by Jeffrey Hagan
(Tacoma, WA)

Lesson 1: Micah - Listen to those you disagree with.

Micah 2:11, "If a man should go about and utter wind and lies, saying, 'I will preach to you of wine and strong drink,' he would be the preacher for this people!"

This lesson may appear to be the opposite of how this passage reads, but allow me to explain.

There is a possible danger we can face without realizing it. We tend to only accept ideas that support our existing views, that fit within our chosen narrative. This is fine, if our views are perfectly aligned with God’s, but since that’s not always the case, we need to be careful. In Micah 2:11 it states “If a man should go about and utter wind and lies, saying, “I will preach to you of wine and strong drink,” he would be the preacher for this people!" This passage shows how the people would have been thrilled to have a person claiming to be lead by God declare things that are in alignment with their sinful desires are okay.

While it may not be to the same extent, believers may find themselves with a similar attitude. When you only listen to those you agree with, you risk keeping the wrong ideas about certain things. Those wrong ideas will keep you where you are causing you to miss out. 

Some may say it’s important to protect one’s self from being led astray by wrong information. That’s absolutely true, but unless you can confirm that the source is not trustworthy, it only means that you are resistant to new ideas. Just like you had to be open to receive Christ, we should be open to other realities and truths even if they make you uncomfortable. But of course we test all things with Scripture.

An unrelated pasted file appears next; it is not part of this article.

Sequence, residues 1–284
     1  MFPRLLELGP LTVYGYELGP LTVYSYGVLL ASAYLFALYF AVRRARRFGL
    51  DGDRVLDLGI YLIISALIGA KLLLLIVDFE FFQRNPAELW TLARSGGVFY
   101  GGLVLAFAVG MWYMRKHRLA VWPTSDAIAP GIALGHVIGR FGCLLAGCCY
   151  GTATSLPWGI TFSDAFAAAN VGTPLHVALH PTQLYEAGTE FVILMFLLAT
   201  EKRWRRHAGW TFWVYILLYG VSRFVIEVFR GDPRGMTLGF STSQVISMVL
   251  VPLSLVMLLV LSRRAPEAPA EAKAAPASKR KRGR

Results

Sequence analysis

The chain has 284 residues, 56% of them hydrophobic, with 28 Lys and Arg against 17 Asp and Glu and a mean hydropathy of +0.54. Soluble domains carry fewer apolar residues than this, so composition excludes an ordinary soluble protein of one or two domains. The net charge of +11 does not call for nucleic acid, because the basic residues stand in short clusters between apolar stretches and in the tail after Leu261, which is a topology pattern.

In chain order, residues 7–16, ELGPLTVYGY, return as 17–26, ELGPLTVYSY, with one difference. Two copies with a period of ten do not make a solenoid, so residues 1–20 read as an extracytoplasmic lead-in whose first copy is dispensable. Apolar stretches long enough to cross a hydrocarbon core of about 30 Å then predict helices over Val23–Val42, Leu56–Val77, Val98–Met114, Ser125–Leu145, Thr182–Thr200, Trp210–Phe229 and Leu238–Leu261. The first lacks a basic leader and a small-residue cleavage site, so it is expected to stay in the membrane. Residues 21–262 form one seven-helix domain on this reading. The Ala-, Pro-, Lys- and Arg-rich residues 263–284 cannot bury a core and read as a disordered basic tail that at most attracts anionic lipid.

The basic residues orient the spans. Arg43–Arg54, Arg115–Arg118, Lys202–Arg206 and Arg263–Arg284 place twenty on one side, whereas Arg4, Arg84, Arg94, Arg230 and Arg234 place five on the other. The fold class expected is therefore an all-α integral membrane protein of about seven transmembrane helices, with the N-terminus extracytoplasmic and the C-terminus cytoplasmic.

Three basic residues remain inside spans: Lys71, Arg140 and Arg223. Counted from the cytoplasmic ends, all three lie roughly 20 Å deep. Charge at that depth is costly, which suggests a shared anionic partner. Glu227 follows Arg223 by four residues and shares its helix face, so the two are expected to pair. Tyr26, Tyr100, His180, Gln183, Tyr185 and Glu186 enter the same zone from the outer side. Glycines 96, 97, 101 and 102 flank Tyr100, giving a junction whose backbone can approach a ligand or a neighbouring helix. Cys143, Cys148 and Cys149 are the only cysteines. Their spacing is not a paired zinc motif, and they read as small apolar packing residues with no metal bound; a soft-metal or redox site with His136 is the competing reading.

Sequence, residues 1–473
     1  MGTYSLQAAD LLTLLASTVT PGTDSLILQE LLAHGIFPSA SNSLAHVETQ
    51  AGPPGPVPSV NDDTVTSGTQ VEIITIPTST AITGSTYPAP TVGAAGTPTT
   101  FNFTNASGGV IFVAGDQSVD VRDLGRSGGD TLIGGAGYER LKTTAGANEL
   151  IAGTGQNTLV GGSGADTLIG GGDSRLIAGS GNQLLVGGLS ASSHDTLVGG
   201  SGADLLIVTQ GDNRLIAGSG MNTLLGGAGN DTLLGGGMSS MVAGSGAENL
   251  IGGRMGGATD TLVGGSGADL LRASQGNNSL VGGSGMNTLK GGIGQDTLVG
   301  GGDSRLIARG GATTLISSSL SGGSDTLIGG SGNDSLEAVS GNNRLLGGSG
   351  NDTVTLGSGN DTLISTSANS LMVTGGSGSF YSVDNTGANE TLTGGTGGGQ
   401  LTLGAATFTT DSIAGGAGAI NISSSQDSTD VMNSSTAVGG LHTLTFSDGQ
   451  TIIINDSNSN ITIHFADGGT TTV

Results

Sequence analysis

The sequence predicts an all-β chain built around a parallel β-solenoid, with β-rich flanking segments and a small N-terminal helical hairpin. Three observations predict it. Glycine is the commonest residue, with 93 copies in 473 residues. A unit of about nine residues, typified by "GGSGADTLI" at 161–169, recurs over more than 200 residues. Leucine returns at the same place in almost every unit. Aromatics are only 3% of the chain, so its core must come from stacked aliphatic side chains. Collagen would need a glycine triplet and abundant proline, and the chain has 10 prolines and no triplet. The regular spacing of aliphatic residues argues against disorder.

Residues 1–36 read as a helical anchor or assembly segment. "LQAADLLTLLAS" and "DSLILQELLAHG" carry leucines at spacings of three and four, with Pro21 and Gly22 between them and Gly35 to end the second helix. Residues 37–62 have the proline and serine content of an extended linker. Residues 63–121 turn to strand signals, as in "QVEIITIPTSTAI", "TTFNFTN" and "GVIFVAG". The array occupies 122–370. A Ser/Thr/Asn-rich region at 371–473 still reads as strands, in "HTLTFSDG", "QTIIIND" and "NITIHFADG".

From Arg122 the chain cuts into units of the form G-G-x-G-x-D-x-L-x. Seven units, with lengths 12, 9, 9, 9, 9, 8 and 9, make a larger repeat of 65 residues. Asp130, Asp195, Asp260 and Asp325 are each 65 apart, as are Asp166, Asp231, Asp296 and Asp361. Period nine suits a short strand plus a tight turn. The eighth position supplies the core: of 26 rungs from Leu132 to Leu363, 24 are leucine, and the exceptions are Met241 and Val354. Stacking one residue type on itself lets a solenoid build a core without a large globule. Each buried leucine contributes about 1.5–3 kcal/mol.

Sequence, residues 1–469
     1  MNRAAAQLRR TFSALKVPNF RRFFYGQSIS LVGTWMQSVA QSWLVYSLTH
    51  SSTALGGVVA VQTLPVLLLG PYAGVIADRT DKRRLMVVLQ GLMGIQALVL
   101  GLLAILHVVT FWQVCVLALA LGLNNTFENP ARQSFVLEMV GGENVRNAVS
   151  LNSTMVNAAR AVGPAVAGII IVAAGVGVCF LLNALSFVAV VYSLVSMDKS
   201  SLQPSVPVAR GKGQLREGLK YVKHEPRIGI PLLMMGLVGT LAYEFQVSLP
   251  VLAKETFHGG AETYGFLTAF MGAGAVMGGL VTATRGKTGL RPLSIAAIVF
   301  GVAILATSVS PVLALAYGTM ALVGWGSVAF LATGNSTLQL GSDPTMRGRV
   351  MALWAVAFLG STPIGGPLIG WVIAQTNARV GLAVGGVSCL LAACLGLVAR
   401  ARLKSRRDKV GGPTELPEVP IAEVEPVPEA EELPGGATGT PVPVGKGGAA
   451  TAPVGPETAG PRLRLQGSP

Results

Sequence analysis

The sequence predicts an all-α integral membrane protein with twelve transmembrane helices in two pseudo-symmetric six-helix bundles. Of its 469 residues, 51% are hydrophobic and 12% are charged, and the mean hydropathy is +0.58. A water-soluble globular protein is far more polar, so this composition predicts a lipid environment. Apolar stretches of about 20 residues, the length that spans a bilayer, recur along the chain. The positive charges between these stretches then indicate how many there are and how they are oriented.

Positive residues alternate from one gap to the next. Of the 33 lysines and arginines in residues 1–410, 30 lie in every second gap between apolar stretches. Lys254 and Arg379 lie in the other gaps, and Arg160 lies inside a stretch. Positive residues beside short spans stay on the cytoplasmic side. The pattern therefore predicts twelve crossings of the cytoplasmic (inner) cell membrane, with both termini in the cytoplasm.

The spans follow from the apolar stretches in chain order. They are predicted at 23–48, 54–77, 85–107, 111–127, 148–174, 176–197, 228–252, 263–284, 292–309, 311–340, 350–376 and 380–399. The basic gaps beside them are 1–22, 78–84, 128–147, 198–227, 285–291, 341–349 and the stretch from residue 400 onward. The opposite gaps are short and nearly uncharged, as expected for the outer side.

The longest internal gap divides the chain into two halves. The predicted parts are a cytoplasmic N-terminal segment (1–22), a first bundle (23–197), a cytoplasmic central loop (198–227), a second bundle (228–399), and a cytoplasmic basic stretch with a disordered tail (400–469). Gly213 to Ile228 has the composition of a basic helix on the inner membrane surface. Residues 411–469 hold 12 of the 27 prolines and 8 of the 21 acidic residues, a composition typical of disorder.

Lesson 2: Nahum - God brings peace to his people.

Nahum 1:15, "Behold, upon the mountains, the feet of him who brings good news, who publishes peace! Keep your feasts, O Judah; fulfill your vows, for never again shall the worthless pass through you; he is utterly cut off."

The enemies of God do not, and will not, prevail. Perhaps in some of the battles along the way it does feel like enemies prevail, but we know that God wins the war. Perfect peace will come when our ultimate enemy is destroyed. However, even in the midst of trouble we can count on God's promise and experience the peace and confidence that comes because of his faithfulness.

Lesson 3: Zephaniah - Pride brings destruction.